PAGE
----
Friday, July 30, 2004

Greek Revival

I’ve just read on the web some disappointing news about my House. The House I belonged to as an undergraduate: the organization seems to be the same as always, but it looks like our house needs a bazillion dollars worth of heart-breaking work to bring it up to code.

We started out as a fraternity. We were a chapter of Phi Kappa Psi (chartered in 1896), but we left the national in 1967 over issues of social and racial justice. When the College first admitted women, we were the first house to go co-ed. We've since left the Greek system. This long history means that we own our house. More recent houses (all sororities, for example) live in College-owned buildings which have had the character stripped out of them and replaced by industrial carpeting.

The Old Phi Psi House, photo stolen from the house's web pageThe “Old Phi Psi House” (as the locals call it) is Greek Revival in style; the original part of the house was built in 1835, and an addition was put on in the 1910s. It is full of amazing historic details. For example, in one of the living rooms there is part of the original painted-on wallpaper murals. During my senior year I was the House Manager and in charge of all issues dealing with the house: from room assignments, to fire inspections, to routine maintenance, to dealing with contractors. It was during that time that I truly fell in love with that house and learned so much of what I know about tending to old houses. It’s a major influence as to why I now own a home on the National Register of Historic Places.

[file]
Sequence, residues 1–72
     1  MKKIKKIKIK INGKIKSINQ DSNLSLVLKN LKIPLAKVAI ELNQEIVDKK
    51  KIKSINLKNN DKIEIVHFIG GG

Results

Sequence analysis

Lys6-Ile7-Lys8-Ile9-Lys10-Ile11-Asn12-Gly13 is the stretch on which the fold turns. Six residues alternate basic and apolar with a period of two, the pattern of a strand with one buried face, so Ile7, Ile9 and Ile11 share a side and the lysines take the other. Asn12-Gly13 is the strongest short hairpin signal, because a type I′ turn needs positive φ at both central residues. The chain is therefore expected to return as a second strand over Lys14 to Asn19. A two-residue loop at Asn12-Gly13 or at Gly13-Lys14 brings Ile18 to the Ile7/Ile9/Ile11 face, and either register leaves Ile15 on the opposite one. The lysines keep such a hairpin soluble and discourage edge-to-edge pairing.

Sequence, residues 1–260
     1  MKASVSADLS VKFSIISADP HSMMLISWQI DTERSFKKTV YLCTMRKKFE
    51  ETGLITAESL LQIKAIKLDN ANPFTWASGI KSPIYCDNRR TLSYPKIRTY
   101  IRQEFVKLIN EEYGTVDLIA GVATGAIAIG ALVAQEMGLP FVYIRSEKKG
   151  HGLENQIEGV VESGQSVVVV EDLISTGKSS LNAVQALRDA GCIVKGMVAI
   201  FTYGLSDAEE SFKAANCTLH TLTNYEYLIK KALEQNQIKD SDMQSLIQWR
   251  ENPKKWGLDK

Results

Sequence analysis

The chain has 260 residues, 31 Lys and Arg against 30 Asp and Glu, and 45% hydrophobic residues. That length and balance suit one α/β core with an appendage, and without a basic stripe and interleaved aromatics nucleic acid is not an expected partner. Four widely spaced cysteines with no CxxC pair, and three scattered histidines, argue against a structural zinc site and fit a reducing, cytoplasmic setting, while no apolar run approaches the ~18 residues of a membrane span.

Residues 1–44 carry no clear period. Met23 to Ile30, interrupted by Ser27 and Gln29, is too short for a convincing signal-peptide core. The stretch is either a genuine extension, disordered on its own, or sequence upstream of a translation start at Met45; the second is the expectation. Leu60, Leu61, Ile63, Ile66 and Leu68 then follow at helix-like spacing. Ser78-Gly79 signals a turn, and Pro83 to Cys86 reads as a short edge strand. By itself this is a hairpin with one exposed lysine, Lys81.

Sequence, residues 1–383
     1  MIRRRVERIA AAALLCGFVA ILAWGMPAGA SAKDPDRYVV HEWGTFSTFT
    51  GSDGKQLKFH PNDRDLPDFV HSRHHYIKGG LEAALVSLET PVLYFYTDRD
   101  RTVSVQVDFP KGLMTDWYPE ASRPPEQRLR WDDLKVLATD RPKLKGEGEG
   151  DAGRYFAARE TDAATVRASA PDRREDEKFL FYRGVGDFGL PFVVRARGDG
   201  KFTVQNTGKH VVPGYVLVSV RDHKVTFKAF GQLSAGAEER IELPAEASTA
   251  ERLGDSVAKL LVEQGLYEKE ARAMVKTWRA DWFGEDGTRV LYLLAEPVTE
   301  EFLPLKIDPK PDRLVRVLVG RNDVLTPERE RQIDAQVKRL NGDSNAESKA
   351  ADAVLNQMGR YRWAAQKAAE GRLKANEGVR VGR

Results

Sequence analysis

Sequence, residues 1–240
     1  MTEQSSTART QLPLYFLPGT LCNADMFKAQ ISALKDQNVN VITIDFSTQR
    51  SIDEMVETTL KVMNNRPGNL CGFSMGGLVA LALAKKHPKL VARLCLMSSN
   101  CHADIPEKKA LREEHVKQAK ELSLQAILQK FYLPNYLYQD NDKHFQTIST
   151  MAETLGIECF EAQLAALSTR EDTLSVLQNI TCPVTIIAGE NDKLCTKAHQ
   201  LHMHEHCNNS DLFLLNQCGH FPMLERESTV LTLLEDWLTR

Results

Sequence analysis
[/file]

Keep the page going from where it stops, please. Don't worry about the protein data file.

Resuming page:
Among other things, they want to have the wood double-hung windows all taken out and replaced with commercial windows. The original windows are huge: the ones in my room were taller than me! And the fire code requires interior stairways to be enclosed. This will destroy the beautiful curved stairway leading from the second to the third floor. These, and other changes, make me so sad. I hope that the creative people on the alumni board will find amazing solutions to these problems and that we won't be forced to sell to the College.